Alibaba Cloud opens second data centre in Japan


Alibaba Cloud has opened its second data centre in Japan, doubling its capacity in the country where it is seeing growing demand for big data analytics with machine learning capabilities. The new facility runs on 25G network infrastructure, an upgrade from its original 10G network, and P100 card GPU-based GN5 Instance to process graphics for machine learning. 

Between the two local data centres, Alibaba said its cloud unit would be able to offer more than 50 services, including elastic computing, image search, database, networking, disaster recovery, and storage services. It added that these could cater to key sectors such as e-commerce, games, media, manufacturing, and Internet of Things. 


Alibaba takes more cloud products global, eyes APAC growth

Chinese internet giant talks up new product releases such as Anti-Bot Service and its datacentre footprint in Asia-Pacific as key differentiators against cloud rivals, Amazon Web Services and Google. Its machine learning specialist also urges need for governments looking to build smart cities, such as Singapore, to ensure its citizens benefit from such initiatives.

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Alibaba in 2016 inked a deal with Japan’s telecom giant Softbank to buy back shares estimated to be worth US$7.9 billion. The two companies also formed a joint venture, SB Cloud, to launch Alibaba Cloud’s services and first data centre in Japan. Alibaba said it also worked with local partners, including MITSUI & Co, NEC, and ITOCHU Techno-Solutions, to support its Japanese customers.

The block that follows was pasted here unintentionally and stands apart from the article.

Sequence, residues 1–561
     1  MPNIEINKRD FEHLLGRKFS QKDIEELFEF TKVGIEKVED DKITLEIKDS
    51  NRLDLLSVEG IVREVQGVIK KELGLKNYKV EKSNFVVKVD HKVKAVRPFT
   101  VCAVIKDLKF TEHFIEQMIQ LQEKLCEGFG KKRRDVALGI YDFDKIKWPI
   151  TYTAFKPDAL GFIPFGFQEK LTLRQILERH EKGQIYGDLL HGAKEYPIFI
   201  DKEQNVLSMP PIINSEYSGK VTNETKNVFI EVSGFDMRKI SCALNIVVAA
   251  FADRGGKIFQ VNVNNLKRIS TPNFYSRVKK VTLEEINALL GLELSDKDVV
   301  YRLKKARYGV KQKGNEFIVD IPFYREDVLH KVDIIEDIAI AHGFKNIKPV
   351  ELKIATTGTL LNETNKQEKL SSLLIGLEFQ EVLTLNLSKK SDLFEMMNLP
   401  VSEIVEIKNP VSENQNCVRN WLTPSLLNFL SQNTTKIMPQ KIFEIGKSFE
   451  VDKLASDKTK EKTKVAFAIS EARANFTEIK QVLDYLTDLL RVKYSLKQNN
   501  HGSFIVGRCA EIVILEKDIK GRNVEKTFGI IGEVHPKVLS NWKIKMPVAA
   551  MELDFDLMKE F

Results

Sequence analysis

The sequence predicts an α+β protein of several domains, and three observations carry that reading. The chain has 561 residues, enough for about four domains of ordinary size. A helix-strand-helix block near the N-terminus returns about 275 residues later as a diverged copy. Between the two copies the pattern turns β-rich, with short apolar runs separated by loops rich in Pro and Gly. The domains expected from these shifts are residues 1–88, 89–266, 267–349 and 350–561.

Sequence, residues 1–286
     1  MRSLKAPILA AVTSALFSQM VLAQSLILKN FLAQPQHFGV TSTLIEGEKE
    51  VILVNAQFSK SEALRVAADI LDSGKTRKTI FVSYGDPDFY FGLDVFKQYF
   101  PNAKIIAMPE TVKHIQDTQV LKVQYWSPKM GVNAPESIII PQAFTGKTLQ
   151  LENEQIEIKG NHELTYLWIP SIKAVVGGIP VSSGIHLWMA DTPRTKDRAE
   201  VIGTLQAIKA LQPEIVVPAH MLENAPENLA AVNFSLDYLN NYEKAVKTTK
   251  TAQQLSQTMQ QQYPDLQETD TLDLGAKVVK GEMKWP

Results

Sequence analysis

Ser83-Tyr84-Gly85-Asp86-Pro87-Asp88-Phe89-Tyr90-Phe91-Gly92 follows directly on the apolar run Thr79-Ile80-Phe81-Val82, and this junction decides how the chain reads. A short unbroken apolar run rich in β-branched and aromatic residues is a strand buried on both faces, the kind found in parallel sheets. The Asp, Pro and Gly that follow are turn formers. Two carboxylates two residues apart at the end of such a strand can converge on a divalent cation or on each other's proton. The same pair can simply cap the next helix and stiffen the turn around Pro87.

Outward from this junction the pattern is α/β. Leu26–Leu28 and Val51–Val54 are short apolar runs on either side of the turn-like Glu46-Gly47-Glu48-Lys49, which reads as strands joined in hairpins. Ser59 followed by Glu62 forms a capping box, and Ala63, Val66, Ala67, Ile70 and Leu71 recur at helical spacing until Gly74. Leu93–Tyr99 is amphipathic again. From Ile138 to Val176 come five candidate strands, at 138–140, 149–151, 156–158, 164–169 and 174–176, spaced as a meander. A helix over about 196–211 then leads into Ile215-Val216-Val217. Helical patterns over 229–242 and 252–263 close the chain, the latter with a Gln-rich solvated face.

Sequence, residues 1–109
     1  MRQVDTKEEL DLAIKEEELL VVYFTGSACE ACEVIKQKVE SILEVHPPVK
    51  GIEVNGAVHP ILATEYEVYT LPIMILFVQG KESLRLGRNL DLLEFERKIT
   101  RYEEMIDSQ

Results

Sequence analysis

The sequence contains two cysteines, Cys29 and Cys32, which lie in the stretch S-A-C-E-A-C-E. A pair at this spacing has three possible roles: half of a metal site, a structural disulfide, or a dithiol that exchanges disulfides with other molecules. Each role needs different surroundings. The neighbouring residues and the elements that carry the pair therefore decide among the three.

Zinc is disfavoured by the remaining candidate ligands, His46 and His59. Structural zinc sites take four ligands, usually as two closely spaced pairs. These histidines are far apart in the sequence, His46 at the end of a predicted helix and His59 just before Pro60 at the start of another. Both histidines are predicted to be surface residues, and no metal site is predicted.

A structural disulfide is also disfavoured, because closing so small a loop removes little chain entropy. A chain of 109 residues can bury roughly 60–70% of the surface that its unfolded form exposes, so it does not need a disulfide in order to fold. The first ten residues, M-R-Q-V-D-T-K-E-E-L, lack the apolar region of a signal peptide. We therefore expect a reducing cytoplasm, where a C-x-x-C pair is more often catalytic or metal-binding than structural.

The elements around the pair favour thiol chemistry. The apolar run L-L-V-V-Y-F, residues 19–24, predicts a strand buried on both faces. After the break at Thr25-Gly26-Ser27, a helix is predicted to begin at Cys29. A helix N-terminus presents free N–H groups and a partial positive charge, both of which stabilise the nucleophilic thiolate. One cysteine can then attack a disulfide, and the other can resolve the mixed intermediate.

The Chinese cloud vendor currently operates a global cloud footprint that spans 56 availability zones across 19 regions, with some availability zones comprising one or more data centres.   

It also launched a second data centre in Indonesia earlier this month, 10 months after opening its first in the Asean market. The facility is part of a network of eight international data centre regions in Asia-Pacific, including Singapore, Australia, and Malaysia. 

Alibaba Cloud over the past year had been ramping up its expansion plans in the region, which it had earmarked as a priority growth area. It first launched in China in 2009 and expanded beyond its domestic market in 2015, when it set up its international headquarters in Singapore and pledged to invest US$1 billion to grow its datacentre footprint in the region. 

For its September 2018 quarterly results, Alibaba’s cloud revenue climbed 90 percent year-over-year to US$825 million (5.667 billion yuan). The business, however, registered a loss of US$34 million (232 million yuan), compared to a loss of 162 million yuan in the previous year. 

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